The other primary use of the chi-square test is to examine whether two variables are independent or not. What does it mean to be independent, in this sense? It means that the two factors are not related. Typically in social science research, we're interested in finding factors that are related - education and income, occupation and prestige, age and voting behavior. In this case, the chi-square can be used to assess whether two variables are independent or not.

More generally, we say that variable Y is "not correlated with" or "independent of" the variable X if more of one is not associated with more of another. If two categorical variables are correlated their values tend to move together, either in the same direction or in the opposite.

Example

Return to the example discussed at the introduction to chi-square, in which we want to know whether boys or girls get into trouble more often in school. Below is the table documenting the percentage of boys and girls who got into trouble in school:

  Got in Trouble No Trouble Total
Boys 46 71 117
Girls 37 83 120
Total 83 154 237

To examine statistically whether boys got in trouble in school more often, we need to frame the question in terms of hypotheses.

1. Establish Hypotheses

As in the goodness-of-fit chi-square test, the first step of the chi-square test for independence is to establish hypotheses. The null hypothesis is that the two variables are independent - or, in this particular case that the likelihood of getting in trouble is the same for boys and girls. The alternative hypothesis to be tested is that the likelihood of getting in trouble is not the same for boys and girls.

Cautionary Note

It is important to keep in mind that the chi-square test only tests whether two variables are independent. It cannot address questions of which is greater or less. Using the chi-square test, we cannot evaluate directly the hypothesis that boys get in trouble more than girls; rather, the test (strictly speaking) can only test whether the two variables are independent or not.

2. Calculate the expected value for each cell of the table

As with the goodness-of-fit example described earlier, the key idea of the chi-square test for independence is a comparison of observed and expected values. How many of something were expected and how many were observed in some process? In the case of tabular data, however, we usually do not know what the distribution should look like (as we did with rolls of dice). Rather, in this use of the chi-square test, expected values are calculated based on the row and column totals from the table.

The expected value for each cell of the table can be calculated using the following formula:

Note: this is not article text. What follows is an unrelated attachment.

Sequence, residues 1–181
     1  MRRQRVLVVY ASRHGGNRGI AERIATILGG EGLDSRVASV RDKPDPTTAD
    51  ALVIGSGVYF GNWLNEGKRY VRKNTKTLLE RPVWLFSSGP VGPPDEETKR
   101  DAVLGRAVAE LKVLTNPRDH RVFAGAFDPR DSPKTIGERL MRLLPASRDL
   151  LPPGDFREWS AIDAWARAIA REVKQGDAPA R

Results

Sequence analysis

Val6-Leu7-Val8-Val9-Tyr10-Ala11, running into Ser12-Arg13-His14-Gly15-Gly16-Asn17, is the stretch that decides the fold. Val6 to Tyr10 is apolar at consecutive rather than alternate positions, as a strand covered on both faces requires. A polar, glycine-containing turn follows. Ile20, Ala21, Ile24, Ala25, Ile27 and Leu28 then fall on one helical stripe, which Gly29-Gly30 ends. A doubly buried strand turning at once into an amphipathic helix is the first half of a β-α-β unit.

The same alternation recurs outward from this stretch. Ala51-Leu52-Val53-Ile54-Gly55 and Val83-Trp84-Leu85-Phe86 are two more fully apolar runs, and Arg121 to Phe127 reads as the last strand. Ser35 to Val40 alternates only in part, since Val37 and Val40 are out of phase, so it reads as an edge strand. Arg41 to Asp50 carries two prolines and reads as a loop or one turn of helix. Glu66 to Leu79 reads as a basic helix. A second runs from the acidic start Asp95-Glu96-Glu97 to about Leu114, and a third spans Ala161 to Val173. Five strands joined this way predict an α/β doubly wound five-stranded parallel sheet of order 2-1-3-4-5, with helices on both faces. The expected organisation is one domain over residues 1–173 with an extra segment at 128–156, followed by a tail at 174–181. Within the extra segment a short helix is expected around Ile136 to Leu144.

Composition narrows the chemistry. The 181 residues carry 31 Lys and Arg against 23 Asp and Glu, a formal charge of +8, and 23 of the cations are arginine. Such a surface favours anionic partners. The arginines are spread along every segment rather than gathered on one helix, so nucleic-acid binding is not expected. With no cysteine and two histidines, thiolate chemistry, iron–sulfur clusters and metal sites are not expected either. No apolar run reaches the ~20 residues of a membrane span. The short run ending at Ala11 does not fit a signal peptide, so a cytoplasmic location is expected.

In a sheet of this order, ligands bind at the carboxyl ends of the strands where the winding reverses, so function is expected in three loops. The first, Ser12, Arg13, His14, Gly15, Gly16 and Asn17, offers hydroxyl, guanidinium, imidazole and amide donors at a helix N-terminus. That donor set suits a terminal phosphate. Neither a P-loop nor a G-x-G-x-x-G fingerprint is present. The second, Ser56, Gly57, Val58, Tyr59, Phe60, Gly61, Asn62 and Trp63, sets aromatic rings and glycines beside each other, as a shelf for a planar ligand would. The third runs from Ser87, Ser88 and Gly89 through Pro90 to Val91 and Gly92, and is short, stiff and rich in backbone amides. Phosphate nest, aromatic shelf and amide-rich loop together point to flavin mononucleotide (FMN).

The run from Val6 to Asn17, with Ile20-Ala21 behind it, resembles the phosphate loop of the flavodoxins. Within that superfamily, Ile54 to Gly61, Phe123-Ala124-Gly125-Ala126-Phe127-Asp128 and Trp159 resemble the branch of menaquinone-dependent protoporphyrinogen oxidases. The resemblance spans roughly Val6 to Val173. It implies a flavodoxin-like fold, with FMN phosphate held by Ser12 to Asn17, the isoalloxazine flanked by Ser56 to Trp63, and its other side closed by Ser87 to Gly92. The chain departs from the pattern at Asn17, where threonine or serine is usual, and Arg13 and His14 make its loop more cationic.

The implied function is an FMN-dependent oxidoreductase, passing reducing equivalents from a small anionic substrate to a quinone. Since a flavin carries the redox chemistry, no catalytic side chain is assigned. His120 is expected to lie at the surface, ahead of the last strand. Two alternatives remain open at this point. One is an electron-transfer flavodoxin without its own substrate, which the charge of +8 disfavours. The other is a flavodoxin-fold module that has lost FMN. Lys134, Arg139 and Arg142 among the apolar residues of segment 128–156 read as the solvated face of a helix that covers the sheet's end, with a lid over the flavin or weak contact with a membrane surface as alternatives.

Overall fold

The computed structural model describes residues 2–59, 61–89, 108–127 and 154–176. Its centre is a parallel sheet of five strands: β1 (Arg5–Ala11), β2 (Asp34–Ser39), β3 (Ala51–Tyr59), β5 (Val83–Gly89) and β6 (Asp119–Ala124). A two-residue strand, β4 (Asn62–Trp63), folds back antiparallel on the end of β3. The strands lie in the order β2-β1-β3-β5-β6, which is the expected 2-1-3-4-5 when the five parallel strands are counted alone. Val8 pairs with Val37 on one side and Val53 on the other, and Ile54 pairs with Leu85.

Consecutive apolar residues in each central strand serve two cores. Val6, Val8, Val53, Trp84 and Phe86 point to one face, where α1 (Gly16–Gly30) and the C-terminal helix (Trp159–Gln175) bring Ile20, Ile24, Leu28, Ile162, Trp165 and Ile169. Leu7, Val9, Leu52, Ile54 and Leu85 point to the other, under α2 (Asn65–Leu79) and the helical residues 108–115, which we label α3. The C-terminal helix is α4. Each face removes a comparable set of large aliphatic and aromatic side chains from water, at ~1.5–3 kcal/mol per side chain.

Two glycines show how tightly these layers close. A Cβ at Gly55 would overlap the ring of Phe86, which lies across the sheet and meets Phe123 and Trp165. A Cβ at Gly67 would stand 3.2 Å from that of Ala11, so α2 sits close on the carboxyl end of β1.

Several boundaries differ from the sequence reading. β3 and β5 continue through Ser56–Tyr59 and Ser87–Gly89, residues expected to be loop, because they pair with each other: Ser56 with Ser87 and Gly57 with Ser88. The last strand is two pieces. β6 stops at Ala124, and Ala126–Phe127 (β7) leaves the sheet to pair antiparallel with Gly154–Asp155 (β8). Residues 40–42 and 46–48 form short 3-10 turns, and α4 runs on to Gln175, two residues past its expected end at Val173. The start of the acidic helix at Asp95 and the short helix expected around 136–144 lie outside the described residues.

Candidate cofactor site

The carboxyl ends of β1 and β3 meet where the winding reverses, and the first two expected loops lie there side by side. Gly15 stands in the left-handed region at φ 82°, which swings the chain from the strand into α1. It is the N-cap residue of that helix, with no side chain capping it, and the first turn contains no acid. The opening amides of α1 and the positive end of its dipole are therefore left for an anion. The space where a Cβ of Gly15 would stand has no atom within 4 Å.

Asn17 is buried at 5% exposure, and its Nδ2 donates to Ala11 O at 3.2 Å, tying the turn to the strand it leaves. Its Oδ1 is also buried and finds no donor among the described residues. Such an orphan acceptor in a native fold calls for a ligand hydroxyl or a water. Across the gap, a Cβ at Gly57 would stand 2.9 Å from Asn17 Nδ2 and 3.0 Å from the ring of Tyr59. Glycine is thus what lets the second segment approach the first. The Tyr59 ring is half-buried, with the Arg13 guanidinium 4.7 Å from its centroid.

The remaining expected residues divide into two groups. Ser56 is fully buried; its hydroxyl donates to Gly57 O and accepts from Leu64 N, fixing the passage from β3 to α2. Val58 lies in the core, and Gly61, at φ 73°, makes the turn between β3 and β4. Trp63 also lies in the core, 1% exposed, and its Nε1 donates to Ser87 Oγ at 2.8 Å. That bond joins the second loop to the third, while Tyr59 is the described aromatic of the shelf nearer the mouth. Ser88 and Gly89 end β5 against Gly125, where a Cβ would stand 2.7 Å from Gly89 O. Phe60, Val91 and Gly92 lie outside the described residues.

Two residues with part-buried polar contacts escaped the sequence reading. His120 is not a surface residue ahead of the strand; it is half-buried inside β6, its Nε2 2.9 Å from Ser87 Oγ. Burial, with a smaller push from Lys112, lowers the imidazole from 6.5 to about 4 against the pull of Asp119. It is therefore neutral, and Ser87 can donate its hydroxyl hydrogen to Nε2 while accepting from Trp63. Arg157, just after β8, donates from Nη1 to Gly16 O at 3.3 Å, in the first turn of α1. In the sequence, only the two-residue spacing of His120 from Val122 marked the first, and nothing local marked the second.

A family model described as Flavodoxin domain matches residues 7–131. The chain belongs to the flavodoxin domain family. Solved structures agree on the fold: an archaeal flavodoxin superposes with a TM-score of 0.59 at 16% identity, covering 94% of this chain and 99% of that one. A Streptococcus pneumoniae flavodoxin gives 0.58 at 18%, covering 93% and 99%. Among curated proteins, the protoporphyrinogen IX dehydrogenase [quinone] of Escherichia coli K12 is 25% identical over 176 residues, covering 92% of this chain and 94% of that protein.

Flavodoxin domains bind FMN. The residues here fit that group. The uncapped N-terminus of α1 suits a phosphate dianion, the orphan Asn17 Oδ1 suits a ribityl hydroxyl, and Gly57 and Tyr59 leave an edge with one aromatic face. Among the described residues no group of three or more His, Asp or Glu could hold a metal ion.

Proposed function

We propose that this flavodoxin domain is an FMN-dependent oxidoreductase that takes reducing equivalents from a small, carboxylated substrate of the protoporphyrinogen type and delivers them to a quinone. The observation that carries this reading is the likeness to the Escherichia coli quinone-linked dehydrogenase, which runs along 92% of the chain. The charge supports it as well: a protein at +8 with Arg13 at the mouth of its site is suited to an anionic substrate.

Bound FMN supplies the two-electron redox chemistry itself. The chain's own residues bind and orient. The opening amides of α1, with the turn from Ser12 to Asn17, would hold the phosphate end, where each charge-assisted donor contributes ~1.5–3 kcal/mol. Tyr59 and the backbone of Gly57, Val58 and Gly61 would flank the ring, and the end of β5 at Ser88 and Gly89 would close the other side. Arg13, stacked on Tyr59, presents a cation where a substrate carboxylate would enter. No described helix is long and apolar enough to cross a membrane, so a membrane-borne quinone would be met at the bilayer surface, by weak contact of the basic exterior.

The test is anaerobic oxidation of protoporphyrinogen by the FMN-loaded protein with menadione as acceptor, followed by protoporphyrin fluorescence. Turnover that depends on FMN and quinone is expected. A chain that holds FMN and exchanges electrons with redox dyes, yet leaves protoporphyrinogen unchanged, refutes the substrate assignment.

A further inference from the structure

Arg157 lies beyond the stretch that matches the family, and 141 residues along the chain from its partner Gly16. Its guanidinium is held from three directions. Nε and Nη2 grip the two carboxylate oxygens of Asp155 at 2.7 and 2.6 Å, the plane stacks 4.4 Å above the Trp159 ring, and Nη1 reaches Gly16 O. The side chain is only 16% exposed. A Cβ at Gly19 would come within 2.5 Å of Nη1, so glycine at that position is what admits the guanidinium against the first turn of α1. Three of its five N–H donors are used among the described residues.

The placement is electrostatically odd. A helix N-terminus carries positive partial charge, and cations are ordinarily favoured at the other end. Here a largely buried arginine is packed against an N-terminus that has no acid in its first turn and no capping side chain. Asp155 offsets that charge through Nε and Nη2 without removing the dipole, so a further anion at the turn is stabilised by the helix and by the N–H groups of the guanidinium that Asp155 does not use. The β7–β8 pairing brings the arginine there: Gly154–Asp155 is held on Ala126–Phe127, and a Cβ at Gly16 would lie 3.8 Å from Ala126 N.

Mathematical Markup

For example, in the table comparing the percentage of boys and girls in trouble, the expected count for the number of boys who got in trouble is:

Mathematical Markup

The first step, then, in calculating the chi-square statistic in a test for independence is generating the expected value for each cell of the table. Presented in the table below are the expected values (in parentheses and italics) for each cell:

  Got in Trouble No Trouble Total
Boys 46 (40.97) 71 (76.02) 117
Girls 37 (42.03) 83(77.97) 120
Total 83 154 237

3. Calculate Chi-square statistic

With these sets of figures, we calculate the chi-square statistic as follows:

Mathematical Markup

In the example above, we get a chi-square statistic equal to:

Mathematical Markup

4. Assess significance level

Lastly, to determine the significance level we need to know the "degrees of freedom." In the case of the chi-square test of independence, the number of degrees of freedom is equal to the number of columns in the table minus one multiplied by the number of rows in the table minus one.

In this table, there were two rows and two columns. Therefore, the number of degrees of
freedom is:

Mathematical Markup

We then compare the value calculated in the formula above to a standard set of tables. The value returned from the table is p< 20%. Thus, we cannot reject the null hypothesis and conclude that boys are not significantly more likely to get in trouble in school than girls.

Recap

To recap the steps used in calculating a goodness-of-fit test with chi-square

  1. Establish hypotheses
  2. Calculate expected values for each cell of the table.
  3. Calculate chi-square statistic. Doing so requires knowing:
    1. The number of observations
    2. Observed values
  4. Assess significance level. Doing so requires knowing the number of degrees of freedom
  5. Finally, decide whether to accept or reject the null hypothesis.